9. CHAPTER 12: Prevent Identity Theft and Protect Yourself 337 FIGURE 12-14 Opera’s settings are always within easy reach. 12 ■ Firefox ( Mozilla’s younger cousin is speedy and slick (see Figure 12-15). Downloads all go to the desktop automatically to reduce the number of dialog boxes you encounter. At 4.7MB, it’s one of the slimmest browsers anywhere. Like the others, it has its own pop-up blocker, and its UI is fully customizable, with a substantial theme library. ■ Lynx ( For the ultimate experience in retro–web browsing, you have to try Lynx, the original text-based web browser (see Figure 12-16). Web pages display in an 80 × 32 command- line window, and you use arrow keys to move your selection from link to link. The SPACEBAR turns the page. It’s got no pop-ups, but also no graphics to speak of. Please purchase PDF Split-Merge on to remove this watermark.
  10. 338 How to Do Everything with Windows XP Home Networking FIGURE 12-15 Firefox is made for speed. FIGURE 12-16 Lynx, the first text-only web browser, brightens up DOS. Please purchase PDF Split-Merge on to remove this watermark.
  11. Index Numbers AIM (AOL Instant Messenger) 10 Gigabit Ethernet, features of, 39 configuring privacy preferences in, 277 802.11* standards downloading, 268 using with WAPs, 18, 83–84 managing incoming files with, 286 for wireless networks, 142 updating, 277–278 (888) 5-OPT-OUT, significance of, 324 Virus Checker in, 287–288 air ducts, pulling cable through, 59 alerts, configuring in Security Center, 115–116 A American Express Smart Chip, features of, 308 access points, adding to networks, 82. See also antennas gateways extending signal range with, 86 access, preventing with MAC filtering, 166 installing to remote locations, 45 accounts, closing to prevent identity theft, 327 Anti-Phishing Working Group Active Content, relationship to spam, 253 reporting phishing e-mail to, 334 ActiveX controls web address for, 333 installing with Windows Update, 177 antispam efforts, example of, 257 relationship to Windows Update, 175 antispam legislation, significance of, 256–257. using with Office Update, 186–187 See also spam ad blocking antispyware applications. See also spyware in antivirus applications, 200–201 configuring, 131–132 managing spyware with, 130 maintaining with updates, 132 Add a Port dialog box, displaying in Windows selecting, 130–131 Firewall, 120 antivirus applications. See also viruses address ranges ad blocking with, 200–201 selecting for wired networks, 64–65 advisory about installation of, 207 selecting for wireless networks, 94–95 alternatives to, 207–208 Adelphia ISP, spam filters provided by, 250 analyzing communication protocols with, 200 ad-hoc mode versus infrastructure mode, 149 configuring for chat and IM, 286–288 administration console, explanation of, 146–147 configuring Norton Internet Security Suite, ADSL (Asynchronous DSL), features of, 15 217–225 AES (Advanced Encryption Standard), relationship to e-mail scanning with, 200 wireless networks, 142 features of, 199 Aftab, Parry and chat safety for kids, 290 file scanning with, 199–200 aggregator clients finding trial offers for, 205–206 obtaining for IM, 270 installing Norton Internet Security Suite, updating, 278–279 209–217 using with IM and chat applications, operating and maintaining, 225–227 267, 269 protecting AOL with, 291 339 PleaseCopyright © 2004 by McGraw-Hill Companies. to remove this watermark. purchase PDF Split-Merge on Click here for terms of use.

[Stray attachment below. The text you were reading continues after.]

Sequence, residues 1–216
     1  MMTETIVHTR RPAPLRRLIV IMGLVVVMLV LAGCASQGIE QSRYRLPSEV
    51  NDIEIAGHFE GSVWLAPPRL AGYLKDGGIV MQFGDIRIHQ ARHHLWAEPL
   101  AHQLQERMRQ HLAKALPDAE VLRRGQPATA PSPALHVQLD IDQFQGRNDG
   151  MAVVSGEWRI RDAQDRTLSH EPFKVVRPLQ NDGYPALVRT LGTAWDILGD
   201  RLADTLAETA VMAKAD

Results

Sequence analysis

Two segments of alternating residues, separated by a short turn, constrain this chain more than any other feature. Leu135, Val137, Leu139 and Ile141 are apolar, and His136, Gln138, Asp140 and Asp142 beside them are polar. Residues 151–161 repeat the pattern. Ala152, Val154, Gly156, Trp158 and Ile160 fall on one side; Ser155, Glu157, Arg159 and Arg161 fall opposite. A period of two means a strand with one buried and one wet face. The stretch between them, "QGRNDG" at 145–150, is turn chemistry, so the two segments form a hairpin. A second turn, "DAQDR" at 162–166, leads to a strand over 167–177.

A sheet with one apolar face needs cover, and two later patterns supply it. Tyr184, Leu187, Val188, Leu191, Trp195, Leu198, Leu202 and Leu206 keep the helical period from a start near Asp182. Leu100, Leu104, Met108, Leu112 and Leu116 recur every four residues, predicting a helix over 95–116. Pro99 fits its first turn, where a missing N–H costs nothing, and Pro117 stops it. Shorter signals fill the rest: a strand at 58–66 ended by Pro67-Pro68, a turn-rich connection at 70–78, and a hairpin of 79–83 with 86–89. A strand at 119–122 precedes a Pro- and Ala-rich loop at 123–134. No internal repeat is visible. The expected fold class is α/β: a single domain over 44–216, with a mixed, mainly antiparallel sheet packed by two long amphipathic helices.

12. 340 How to Do Everything with Windows XP Home Networking antivirus applications (cont.) BBB (Better Business Bureau), searching online for rating, 202 complaints about retailers, 296–298 removing, 204 best-of-breed antivirus applications, features of, 203 selecting appropriate features of, 202–203 BHOs (Browser Helper Objects), effect of, 130 stopping viruses with, 128–129 binary numbers, converting octets into, 64 trial versions of, 203–206 BITS (Background Intelligent Transfer Service), antivirus suites, features of, 203 relationship to Automatic Updates, 180 AOL (America Online) blackhole lists, relationship to spammers, 258 protecting with antivirus applications, 291 blacklists spam filters provided by, 250 using with iHateSpam, 247–248 application exceptions, enabling in Windows using with spam filters, 241 Firewall, 121 blended threats, explanation of, 198. applications. See also Microsoft applications See also attacks from Internet sources; security applying updates for, 194 bots locating updates for, 190–191 characteristics of, 110 updating, 117 identifying activity of, 198 attachments, examining in IM, 272 BPL (Broadband over Power Line), relationship to attacks from Internet sources. HomePlug, 61 See also blended threats; security bridge card game, participation in, 12 brute force attacks, 112 bridges, using in wireless networks, 82 buffer overflows, 111 Brightmail DDoS attacks, 113 features of, 252 DoS (denial of service), 113 using with Adelphia ISP, 250 logon attacks, 111–112 broadcasts, address range associated with, 65, 95 man-in-the-middle attacks, 112–113 browsers port scans, 110 examples of, 131 auction fraud, preventing, 296 using alternatives to, 334–338 auction winners and sellers, checking out when brute force attacks, effect of, 112 shopping online, 295–296 buffer overflows auditing tools, evaluating security with, 135–136. dangers of, 172 See also security tools effect of, 111 Automatic Updates. See also patches; updates Bugtraq service, using, 193 configuring, 180–182 building materials, importance of, 37–38 features of, 116 functionality of, 180 settings available in, 181–182 C turning off, 182 cable cutters, features of, 26 verifying application of, 182–183 cable ends, connecting, 60–61 viewing System Log in, 182–183 cable installation tools, types of, 25–27. Automatically Connect To Non-Preferred Networks See also Cat5 cable box, significance of, 150 cable modems, features of, 14–15 cable pulling techniques. See also pulling cable for completed houses, 57–59 B in new construction, 54–57 background checks, running, 331 cable routes banks in frame wall, diagram of, 56 notifying about identify fraud, 326 measuring, 42–43 receiving suspicious e-mail from, 259 planning, 36 baseboards, pulling cable through, 59 cable strippers, features of, 26 Bayesian filters cable testers, using with Cat5 cable, 27 defeating spam filters with, 252–253 cables. See also wires significance of, 260–261 Cat5 cable, 20–27 fishing through walls, 59 Please purchase PDF Split-Merge on to remove this watermark.